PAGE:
Sustainability in bioscience fieldwork: Practical information from a UK agricultural research institute

Awduron Sefydliadau
Math Erthygl
Iaith wreiddiolSaesneg
Tudalennau (o-i)54-67
Nifer y tudalennau14
CyfnodolynInternational Journal of Sustainability in Higher Education
Cyfrol10
Rhif y cyfnodolyn1
Dangosyddion eitem ddigidol (DOIs)
StatwsCyhoeddwyd - 01 Ion 2009
Cysylltiadau
Gweld graff cysylltiadau
Fformatau enwi

Crynodeb

Purpose – Owing to the specialist nature of biological experimentation, scientific research staff have been largely neglected from the pro-environmental initiatives which have inundated other areas of higher education. This dearth of studies is surprising given that scientific research is recognised as a substantial contributor to the environmental impact of tertiary institutes. The present study seeks to utilise the current sustainability literature to identify barriers to sustainability in scientific fieldwork and determines which methods or procedures might increase pro-environmental behaviours in this technical environment. The resultant information serves to provide a comparison with previously identified barriers to sustainability in the laboratory environment and identifies which environmental initiatives might be successful in both the field and laboratory.

Design/methodology/approach – This study gathers qualitative data from a sample of scientific researchers presently conducting field experimentation in the agricultural sciences. A “sustainability in science” questionnaire was developed and distributed to all staff undertaking research at the Institute of Grassland and Environmental Research.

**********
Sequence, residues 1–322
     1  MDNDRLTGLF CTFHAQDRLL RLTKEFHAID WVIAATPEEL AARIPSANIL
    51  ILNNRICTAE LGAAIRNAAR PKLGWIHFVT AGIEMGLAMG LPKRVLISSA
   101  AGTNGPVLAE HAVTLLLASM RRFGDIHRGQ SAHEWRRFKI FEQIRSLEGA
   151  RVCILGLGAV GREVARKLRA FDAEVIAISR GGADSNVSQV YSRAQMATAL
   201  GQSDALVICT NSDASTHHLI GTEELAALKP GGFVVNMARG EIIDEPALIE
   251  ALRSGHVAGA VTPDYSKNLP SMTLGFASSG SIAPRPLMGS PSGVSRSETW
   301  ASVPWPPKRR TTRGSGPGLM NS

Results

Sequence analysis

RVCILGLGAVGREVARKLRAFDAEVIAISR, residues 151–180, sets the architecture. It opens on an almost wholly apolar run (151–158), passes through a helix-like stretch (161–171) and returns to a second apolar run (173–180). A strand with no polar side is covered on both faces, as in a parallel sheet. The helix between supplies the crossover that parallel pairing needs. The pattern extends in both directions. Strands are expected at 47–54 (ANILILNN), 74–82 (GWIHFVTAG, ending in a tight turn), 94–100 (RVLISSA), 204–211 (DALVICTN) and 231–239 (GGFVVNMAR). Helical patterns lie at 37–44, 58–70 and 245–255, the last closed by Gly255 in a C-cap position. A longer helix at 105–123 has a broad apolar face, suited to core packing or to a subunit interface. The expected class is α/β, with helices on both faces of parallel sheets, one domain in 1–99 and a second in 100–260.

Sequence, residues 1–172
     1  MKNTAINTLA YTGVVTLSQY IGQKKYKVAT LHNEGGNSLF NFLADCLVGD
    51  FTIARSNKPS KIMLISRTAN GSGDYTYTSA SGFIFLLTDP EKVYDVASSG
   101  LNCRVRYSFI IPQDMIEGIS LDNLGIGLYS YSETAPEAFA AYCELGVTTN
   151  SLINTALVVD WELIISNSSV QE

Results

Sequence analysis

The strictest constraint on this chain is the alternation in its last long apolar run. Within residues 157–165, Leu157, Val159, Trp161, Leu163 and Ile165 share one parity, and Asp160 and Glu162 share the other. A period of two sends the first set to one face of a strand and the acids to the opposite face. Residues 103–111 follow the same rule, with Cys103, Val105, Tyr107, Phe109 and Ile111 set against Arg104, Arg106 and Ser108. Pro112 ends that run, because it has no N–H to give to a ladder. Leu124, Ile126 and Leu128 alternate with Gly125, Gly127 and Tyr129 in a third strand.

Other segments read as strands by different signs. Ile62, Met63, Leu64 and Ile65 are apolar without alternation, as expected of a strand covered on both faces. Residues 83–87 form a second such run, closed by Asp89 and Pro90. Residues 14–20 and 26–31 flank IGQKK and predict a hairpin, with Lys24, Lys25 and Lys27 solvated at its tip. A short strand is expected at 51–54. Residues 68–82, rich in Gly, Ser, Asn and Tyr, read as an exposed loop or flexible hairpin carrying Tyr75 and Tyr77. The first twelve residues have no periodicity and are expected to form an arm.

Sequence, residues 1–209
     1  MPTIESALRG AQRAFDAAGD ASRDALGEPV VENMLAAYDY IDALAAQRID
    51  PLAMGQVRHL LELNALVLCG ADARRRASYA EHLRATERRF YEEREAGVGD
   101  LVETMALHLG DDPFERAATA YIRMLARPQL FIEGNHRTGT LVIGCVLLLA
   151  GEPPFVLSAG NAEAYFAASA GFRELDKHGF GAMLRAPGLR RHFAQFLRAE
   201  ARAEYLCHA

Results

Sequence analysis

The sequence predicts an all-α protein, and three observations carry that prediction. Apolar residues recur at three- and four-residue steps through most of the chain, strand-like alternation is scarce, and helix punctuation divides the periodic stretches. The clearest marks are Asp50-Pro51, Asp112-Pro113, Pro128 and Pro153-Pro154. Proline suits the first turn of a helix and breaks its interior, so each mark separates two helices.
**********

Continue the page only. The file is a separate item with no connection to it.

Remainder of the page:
Findings – Despite favourable sustainability beliefs and perceptions, almost three-quarters (71 per cent) of researchers at this institute agreed that they were not conducting their current research activities in the most sustainable way possible. Barriers to sustainability included lack of support, lack of information, lack of training and lack of time. The provision of awards for pro-environmental behaviours and the application of costs for unsustainable behaviours were the initiatives most likely to encourage research staff to be sustainable in the work environment.

Research limitations/implications – Many agricultural field based research projects manipulate the environment in order to cultivate and develop commercial foodstuffs. Identifying the potential to reduce such waste was an inherent part of the present study. However, identifying the ways in which such environmental manipulation modifies the landscape – whether sustainably or unsustainably – was outwith the scope of the present study and presents an interesting area for future sustainability research.

Practical implications – The information presented in this paper has immediate practical implication for tertiary bodies and agricultural institutes wishing to adopt more sustainable fieldwork practises.

Originality/value – This is the first study to design a sustainability questionnaire specifically targeting field active research scientists in a tertiary institute.

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